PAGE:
Dog scammer gets thousands

Shelley Polansky
Better Business Bureau

Victoria fell in love with a Yorkie puppy she found online. The best part was that the puppy was free — all she had to do was pay for shipping. That’s when the scam began.

Delta Pet Shipping Service, allegedly based in Sterling, required payment in advance and kept adding on charges. Before she realized she had been conned, Victoria gave the shipping service nearly $2,250.

Puppy scams abound online, where scammers can easily post pictures of adorable doggies available at little or no cost. As in Victoria’s case, the “breeder” or owner of the dog only communicates by email, text or electronic messaging — seldom by phone. Payment must be made by wire transfer, Green Dot MoneyPak card or other forms of electronic payment that are virtually untraceable. Buyers are hit up for shipping fees, crate fees, vet bills and assorted expenses that must be paid before the pet is delivered.

The Better Business Bureau serving northern Colorado and Wyoming offers the following tips to avoid scams when you’re looking to adopt or buy a pet:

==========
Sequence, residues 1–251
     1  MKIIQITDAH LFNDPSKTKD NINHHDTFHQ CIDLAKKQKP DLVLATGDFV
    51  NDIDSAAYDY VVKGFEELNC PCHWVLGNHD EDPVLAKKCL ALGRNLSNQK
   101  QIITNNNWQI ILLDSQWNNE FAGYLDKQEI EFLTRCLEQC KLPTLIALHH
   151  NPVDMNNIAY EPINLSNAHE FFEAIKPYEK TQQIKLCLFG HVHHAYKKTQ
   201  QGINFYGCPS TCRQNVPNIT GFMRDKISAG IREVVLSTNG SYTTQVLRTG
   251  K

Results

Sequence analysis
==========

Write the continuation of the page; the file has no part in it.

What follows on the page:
Beware of ads and correspondence with multiple misspellings and grammatical errors; many pet scams come from overseas, and scammers often do not have a firm grasp on the English language.

Do not send or wire money to people you do not know.

If purchasing a pedigreed pet, be sure the breeder provides documentation of the parents’ registration with the appropriate kennel club. This ensures that the pet is in fact a legitimate purebred animal. It is then your responsibility to register your pet with the appropriate kennel club. Check the breeder out first at

Check with your local Humane Society chapter and rescue shelters for dogs looking for “furever” homes.

As for Victoria, she never received her puppy, and she has not recovered her money.

For more consumer tips and information, visit